“I was sent out to Aden, which is now Yemen, with the British Army in 1967. They were getting independence, but the terrorists were still very active so we were there to fight them and help protect the city. There were 10,000 British troops there, in this small city, including the Royal Navy and everything. And one day I was on patrol when I came across a British man seriously injured by a grenade. All his back and the side of his face were bleeding. He was walking in the city alone so I immediately took the land rover, picked him up and drove him to the closest army hospital. I left him, and even though I got back very quickly, I was in a big trouble because I left my patrol. I was supposed to call an ambulance, but this guy was bleeding so much there was no time to waste. I often wonder if he made it. There was so much going on there at that time I could never find it out.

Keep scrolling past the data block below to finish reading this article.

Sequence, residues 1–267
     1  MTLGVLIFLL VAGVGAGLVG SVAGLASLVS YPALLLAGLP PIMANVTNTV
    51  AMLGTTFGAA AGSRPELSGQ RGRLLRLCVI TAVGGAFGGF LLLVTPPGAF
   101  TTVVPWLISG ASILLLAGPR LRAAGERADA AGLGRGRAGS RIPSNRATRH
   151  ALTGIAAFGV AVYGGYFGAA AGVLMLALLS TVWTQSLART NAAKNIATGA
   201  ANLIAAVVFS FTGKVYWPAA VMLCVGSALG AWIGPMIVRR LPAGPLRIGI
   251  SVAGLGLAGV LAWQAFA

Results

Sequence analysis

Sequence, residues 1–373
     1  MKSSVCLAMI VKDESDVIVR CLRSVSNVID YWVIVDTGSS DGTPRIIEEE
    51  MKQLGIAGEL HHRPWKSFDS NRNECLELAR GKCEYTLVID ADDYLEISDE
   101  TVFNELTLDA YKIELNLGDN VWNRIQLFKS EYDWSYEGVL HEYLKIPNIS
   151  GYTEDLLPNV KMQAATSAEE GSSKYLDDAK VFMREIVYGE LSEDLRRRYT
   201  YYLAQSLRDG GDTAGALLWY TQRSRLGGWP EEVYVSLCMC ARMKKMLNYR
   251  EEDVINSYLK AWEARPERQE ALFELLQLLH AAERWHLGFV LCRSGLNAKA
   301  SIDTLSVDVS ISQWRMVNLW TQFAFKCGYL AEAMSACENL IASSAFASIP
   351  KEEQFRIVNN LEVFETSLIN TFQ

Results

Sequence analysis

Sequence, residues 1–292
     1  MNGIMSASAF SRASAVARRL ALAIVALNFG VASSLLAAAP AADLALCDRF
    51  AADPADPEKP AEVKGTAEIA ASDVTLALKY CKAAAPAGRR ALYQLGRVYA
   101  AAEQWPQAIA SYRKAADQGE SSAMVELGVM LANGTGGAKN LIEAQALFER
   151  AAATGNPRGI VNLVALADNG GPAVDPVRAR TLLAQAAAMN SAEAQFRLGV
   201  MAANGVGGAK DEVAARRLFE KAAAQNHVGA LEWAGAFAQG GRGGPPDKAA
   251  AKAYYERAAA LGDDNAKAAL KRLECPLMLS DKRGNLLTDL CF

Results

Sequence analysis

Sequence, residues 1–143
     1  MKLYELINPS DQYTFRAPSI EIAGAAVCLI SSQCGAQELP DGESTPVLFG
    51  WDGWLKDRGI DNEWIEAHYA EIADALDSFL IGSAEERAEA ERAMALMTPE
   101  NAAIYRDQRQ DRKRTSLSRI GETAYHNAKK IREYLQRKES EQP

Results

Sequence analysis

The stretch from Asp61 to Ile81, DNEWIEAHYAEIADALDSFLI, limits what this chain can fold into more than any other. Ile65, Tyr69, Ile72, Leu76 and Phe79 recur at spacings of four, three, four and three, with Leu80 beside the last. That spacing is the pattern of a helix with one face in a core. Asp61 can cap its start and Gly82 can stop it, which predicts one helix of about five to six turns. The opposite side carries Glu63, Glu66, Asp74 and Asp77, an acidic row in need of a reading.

“There are four of us doing this job. One of them is a friend, so he asked me if I wanted to work here. I only do two days a week, and it’s enough to keep me afloat so I can save my army pension for my kids and grandchildren. I do some charity work part time as well. I wasn’t made to be sitting around at home, you know?”